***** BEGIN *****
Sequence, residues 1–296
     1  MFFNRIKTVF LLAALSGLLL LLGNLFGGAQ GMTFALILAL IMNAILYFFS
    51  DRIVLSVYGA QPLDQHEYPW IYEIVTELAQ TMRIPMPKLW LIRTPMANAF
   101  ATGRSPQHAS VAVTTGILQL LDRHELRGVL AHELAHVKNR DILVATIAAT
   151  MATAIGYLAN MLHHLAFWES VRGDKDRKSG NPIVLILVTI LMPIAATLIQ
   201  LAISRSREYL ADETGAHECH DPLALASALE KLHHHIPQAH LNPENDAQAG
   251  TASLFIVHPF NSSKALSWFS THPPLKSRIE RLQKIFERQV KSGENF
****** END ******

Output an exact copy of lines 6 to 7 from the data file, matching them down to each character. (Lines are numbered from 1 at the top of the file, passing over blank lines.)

   201  LAISRSREYL ADETGAHECH DPLALASALE KLHHHIPQAH LNPENDAQAG
   251  TASLFIVHPF NSSKALSWFS THPPLKSRIE RLQKIFERQV KSGENF